Ocean micro life in 3D
On June 28, 2019 the Micro Life exhibition demonstrating 3D photos of microorganisms and ocean fauna opened in the World Ocean Museum. All photos were converted to the 3D format with the help of Triaxes 3DMasterKit.
Some of the pictures are demonstrated in the conference hall.
The following video helps to get some understanding of how this 3D pictures look like. Their main peculiarity is that they look 3D when you watch them with both of your eyes in real time. Such an effect can be demonstrated on a regular screen im some way, and for that you must shift the camera while shooting the picture, which adds the necessary volume to the scene: background objects appear from behind foreground ones.
Alexey Polyakov about the project:
“As a result of interesting and intensive work, we created a series of 42 lenticular 3D images of ocean animals for the World Ocean Museum. For 2 years we had been discussing the project, creating the common concept and researching technological peculiarities. At the end of 2018 we got a chance to make it real. A selection of scientific images had to be converted from 2D to 3D, printed and delivered to the client. The December was the most intensive (every company faces the New Year rush at this time). Fortunately, all the participants of the project worked with synergy, which made it possible to get all the work done perfectly and on time. At all stages of the project cooperation with the museum staff was very constructive. With the help of Irina Baykova all the issues were speedily resolved.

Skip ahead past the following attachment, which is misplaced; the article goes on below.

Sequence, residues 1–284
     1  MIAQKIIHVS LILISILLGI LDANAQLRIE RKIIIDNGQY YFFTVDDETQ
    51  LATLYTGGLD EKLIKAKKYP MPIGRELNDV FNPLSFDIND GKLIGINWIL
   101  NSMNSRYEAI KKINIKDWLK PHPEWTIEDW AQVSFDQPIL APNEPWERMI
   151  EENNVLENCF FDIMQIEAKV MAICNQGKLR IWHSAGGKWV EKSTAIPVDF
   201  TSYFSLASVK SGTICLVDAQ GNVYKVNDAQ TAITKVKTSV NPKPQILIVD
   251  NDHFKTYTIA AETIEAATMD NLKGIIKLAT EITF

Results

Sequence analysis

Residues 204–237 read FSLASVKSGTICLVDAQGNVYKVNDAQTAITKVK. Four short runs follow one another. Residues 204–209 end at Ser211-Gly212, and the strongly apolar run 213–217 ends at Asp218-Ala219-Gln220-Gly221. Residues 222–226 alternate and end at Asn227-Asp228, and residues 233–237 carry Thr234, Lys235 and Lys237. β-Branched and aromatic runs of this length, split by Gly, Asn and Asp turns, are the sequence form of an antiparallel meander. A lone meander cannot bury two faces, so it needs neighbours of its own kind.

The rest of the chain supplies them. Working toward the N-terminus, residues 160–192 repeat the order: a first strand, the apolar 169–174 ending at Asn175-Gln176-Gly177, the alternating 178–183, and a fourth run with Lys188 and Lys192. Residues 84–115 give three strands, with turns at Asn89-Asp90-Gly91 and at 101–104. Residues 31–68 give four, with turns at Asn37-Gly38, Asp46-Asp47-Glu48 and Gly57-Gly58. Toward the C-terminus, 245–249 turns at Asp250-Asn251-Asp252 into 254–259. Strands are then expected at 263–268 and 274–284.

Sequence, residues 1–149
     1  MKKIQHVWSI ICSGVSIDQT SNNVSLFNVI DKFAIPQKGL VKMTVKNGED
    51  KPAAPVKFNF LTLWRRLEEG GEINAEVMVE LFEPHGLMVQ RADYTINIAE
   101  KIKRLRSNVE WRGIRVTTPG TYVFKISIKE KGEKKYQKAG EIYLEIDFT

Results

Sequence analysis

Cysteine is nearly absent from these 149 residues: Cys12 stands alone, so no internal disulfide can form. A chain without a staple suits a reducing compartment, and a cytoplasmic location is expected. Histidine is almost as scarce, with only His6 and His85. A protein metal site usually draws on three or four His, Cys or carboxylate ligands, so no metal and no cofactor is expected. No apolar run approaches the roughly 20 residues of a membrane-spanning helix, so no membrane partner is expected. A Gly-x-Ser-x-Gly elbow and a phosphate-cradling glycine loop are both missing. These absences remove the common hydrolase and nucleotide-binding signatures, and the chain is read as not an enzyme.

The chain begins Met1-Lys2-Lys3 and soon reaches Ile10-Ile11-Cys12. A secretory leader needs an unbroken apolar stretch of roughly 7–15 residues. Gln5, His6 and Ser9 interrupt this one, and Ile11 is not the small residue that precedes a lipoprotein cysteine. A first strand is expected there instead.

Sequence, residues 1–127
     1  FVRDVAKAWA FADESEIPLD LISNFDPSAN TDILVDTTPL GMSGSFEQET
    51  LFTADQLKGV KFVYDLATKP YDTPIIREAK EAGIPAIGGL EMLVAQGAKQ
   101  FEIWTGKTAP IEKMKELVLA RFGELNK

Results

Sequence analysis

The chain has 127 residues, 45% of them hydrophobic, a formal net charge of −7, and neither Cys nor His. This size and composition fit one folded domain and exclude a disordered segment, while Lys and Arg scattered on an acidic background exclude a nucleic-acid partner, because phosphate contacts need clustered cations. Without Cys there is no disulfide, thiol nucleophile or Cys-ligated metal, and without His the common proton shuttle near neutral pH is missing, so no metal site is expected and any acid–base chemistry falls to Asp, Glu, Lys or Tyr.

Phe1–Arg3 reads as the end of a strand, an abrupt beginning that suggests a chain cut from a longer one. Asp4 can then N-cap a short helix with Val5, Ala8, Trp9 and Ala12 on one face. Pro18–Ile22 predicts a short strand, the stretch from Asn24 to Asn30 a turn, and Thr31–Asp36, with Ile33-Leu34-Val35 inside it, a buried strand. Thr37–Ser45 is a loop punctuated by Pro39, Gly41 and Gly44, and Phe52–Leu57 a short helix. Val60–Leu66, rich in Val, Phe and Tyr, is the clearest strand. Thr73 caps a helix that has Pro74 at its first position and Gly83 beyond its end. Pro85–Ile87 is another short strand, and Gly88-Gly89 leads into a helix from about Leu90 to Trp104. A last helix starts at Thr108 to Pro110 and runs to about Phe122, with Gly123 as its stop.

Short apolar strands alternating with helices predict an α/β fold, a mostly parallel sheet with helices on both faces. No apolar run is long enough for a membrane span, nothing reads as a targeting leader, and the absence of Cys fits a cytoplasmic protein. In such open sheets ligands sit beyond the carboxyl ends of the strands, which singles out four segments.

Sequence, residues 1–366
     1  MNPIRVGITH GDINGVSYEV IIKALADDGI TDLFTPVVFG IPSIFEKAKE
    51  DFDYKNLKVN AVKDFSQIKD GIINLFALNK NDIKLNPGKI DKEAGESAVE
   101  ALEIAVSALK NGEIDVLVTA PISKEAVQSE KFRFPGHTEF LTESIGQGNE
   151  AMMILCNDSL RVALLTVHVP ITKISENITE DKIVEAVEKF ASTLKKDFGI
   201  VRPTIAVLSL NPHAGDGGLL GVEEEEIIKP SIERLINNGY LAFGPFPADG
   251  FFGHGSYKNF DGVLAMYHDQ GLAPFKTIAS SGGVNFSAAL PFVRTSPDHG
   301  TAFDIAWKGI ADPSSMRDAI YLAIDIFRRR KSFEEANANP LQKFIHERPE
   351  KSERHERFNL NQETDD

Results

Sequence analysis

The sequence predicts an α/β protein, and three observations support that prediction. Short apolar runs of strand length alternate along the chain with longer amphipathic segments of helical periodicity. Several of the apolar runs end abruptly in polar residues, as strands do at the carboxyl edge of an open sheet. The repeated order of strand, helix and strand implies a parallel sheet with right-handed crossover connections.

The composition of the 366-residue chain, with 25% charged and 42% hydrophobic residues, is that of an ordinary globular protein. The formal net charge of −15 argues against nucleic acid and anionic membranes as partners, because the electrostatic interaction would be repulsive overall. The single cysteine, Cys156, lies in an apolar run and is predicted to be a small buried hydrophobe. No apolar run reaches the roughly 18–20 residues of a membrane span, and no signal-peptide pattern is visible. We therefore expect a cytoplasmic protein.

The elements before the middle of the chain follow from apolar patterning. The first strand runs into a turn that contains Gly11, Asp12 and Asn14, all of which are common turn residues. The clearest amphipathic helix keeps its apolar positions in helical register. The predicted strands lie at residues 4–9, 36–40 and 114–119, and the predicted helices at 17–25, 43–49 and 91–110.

The peculiarity of the project is that the material must be, firstly, comprehensive from the scientific point of view, comply with the topic and illustrate proper biological objects (organisms); secondly, images must be attractive for the viewer from the artistic standpoint; thirdly, the peculiarities of the technology must be taken into account as objects are supposed to be in 3D.
Luckily for us, we found proper photos in an agency that has a representative in Russia (it shortened the purchase process significantly). These photographs are real pieces of science and art at the same time (in case you do not know, there is an art movement in the sphere of scientific photography). Being made in 3D, the images became even more effective. Adding volume to an image is an exciting process. The work was quite intensive (we had to process 4-5 images per day). In addition, each photo has its own peculiarities. It is very inspiring, when an imagined 3D model gets its physical form and can be shared with other people”.
2D-to-3D conversion was performed with the help of modelling in 3DMasterKit developed by Triaxes. The conversion process is demonstrated in the following video.